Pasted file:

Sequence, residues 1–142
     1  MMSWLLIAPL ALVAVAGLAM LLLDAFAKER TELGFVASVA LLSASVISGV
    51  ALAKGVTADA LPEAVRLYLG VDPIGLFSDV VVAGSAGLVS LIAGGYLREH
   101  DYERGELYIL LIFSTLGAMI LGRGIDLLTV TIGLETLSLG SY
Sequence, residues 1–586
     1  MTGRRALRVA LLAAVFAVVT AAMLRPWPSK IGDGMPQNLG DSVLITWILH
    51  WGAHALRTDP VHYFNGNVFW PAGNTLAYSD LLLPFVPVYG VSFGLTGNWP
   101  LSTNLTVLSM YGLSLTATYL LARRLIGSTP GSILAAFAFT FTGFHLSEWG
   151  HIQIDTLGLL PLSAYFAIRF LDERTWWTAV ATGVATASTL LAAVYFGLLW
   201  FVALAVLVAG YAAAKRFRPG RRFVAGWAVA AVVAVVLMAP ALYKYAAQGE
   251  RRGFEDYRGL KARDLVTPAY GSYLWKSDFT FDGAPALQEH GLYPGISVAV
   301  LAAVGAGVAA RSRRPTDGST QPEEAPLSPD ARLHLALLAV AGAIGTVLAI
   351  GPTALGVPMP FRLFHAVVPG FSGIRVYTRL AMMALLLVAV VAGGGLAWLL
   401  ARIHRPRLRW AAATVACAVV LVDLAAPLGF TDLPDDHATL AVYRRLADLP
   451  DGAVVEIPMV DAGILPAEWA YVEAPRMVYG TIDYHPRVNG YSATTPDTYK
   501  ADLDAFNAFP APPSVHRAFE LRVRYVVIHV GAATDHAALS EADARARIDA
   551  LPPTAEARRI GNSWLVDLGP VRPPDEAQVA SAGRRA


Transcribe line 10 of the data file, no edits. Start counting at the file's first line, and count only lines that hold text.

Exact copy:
   201  FVALAVLVAG YAAAKRFRPG RRFVAGWAVA AVVAVVLMAP ALYKYAAQGE